Mystery behind the Brown Mountain Lights persists

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By Luke Weir. November 1, 2017. BLOWING ROCK, NC — When the sun goes down and conditions are right, spectators overlooking Brown Mountain Ridge may witness mysterious orbs of light.

Located in the Pisgah National Forest, an hour Southwest from Blowing Rock, Brown Mountain is home to an unexplained luminescent phenomenon known as the Brown Mountain Lights, visible from the Linville Gorge and along the Blue Ridge Parkway at overlooks on mileposts 301 & 310.

Nobody knows exactly where the flashing lights come from, or where they go once they disappear.

The leading experts investigating the Brown Mountain Lights are a group of paranormal researchers called the League of Energy materialization and Unexplained phenomena Research, or the L.E.M.U.R. team.

“Back in the folk-days there were stories of soldier spirits along the Brown Mountain ridgeline,” L.E.M.U.R. member Dean Warsing said in a phone interview. “Older folklore explained it as ghosts with lanterns.”

It’s 100% unnatural; not subtle at all.

Warsing said his team worked with National Geographic to document and investigate the phenomenon using a plethora of tools and devices, including military-grade night vision goggles. His team tentatively hypothesized that the lights might be the result of some type of piezoelectric effect, along the same lines of what causes a spark to flick when using an everyday lighter, only on a much larger scale.

Despite the team’s best guess, and many other countless explanations such as scientific, religious and supernatural reasonings, nobody knows exactly what makes the lights appear, but everyone seems to have a different answer.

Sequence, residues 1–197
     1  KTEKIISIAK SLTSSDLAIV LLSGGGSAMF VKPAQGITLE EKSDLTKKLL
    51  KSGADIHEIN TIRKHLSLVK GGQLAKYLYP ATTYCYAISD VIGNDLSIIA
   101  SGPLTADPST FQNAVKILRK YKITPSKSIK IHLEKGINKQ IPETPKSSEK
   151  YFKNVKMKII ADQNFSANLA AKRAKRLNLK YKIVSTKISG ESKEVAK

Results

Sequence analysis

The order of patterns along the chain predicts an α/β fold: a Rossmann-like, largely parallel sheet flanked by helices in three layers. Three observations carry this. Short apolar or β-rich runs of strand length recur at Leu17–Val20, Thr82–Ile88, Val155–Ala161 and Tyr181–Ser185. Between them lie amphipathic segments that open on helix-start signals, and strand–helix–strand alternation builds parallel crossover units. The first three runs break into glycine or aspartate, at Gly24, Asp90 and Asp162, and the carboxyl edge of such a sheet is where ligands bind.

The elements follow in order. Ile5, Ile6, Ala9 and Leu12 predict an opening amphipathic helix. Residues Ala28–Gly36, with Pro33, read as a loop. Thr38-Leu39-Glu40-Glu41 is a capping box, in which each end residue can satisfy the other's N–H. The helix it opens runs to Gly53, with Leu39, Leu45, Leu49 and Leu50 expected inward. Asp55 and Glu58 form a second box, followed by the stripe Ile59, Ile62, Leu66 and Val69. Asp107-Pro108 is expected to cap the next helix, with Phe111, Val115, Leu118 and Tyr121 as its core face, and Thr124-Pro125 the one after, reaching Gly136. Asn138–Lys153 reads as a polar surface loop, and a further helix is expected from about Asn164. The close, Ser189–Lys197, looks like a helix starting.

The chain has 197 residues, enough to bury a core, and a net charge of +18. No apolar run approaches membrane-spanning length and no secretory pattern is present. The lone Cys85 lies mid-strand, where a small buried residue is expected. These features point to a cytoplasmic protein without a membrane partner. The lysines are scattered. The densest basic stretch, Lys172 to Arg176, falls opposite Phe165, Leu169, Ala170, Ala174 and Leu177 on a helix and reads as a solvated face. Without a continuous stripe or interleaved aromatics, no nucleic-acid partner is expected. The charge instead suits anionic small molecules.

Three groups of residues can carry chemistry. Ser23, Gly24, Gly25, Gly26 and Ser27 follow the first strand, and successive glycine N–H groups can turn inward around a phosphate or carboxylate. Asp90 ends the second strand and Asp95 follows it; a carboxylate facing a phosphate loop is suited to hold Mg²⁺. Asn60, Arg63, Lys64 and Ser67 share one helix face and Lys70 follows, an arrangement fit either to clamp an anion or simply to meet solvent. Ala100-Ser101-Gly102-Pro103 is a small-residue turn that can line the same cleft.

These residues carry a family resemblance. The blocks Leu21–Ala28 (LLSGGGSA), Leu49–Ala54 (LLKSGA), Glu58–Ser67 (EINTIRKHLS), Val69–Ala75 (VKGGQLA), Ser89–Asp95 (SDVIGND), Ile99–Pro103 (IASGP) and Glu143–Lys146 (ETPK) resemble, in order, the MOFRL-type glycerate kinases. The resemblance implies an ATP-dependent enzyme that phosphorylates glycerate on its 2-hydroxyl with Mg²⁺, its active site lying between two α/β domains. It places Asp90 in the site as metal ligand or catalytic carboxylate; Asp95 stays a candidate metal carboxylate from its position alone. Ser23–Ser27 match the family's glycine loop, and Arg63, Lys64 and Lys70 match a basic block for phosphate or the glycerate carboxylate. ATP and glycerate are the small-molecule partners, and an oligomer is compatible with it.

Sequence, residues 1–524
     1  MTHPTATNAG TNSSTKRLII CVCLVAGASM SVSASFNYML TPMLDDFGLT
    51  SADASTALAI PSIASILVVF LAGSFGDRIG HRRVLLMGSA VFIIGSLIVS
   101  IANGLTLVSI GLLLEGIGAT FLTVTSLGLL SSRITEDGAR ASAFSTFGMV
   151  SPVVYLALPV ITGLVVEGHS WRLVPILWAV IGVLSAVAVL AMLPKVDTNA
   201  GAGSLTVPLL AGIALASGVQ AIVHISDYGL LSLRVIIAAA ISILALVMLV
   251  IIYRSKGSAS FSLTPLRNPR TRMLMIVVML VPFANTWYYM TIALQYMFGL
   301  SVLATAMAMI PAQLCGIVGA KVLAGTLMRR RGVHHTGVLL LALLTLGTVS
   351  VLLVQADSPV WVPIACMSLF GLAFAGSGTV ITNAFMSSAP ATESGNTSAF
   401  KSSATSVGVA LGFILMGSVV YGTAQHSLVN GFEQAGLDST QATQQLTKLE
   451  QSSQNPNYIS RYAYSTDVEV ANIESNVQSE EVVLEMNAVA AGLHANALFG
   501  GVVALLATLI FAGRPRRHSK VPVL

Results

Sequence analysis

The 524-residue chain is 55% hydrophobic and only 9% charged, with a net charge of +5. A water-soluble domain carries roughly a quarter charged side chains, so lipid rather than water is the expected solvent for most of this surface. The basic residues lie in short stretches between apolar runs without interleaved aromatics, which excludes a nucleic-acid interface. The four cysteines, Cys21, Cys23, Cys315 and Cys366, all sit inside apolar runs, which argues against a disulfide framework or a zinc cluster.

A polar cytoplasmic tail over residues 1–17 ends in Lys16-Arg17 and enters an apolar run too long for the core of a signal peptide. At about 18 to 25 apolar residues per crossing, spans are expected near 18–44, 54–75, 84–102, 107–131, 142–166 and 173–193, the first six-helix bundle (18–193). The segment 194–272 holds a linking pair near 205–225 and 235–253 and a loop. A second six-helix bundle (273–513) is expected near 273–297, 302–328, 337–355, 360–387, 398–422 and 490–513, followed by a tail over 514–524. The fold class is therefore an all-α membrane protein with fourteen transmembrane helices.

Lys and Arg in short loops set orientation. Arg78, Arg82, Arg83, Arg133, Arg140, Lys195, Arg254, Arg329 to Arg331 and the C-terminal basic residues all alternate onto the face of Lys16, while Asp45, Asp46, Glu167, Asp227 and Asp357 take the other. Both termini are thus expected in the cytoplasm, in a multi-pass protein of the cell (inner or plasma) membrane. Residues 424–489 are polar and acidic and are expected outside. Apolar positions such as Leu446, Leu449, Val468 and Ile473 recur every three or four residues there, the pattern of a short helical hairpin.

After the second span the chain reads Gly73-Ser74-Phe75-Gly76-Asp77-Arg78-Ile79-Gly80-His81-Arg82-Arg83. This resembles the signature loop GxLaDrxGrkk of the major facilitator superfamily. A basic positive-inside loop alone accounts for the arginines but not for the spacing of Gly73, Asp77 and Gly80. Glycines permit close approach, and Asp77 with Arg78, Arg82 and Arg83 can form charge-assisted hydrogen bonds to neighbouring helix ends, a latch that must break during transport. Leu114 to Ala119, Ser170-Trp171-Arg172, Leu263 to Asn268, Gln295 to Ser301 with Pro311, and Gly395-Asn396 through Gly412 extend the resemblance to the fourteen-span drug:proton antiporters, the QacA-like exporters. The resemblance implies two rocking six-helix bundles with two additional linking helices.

“It’s rather paranormal,” Warsing said. “With a place of interest like this, stories just grow and grow.”

According to research done by the L.E.M.U.R. team, it is possible for the Brown Mountain Lights to occur in any weather conditions and at any time. However, the lights are most prominent in the darkness of autumn, either in the rain or shortly after, when extra carbon is in the air from smoke and when the kp index, which measures earth’s magnetic field, reads 5 or above, according to brownmountainlights.com.

Third-year Appalachian State student Mitchell Tanzy, who claims to have seen the lights for himself, described his experience as downright spooky.

“It’s one hundred percent unnatural; not subtle at all. The patterns are incredibly geometric, definitely not something you would expect to see in nature,” Tanzy said. “The hardest part about the experience was trying to rationalize what I just saw because there’s no explanation for why those lights appear.”

More information on the mysterious orbs of light can be found at brownmountainlights.com.

Edited by Taylor Welsh

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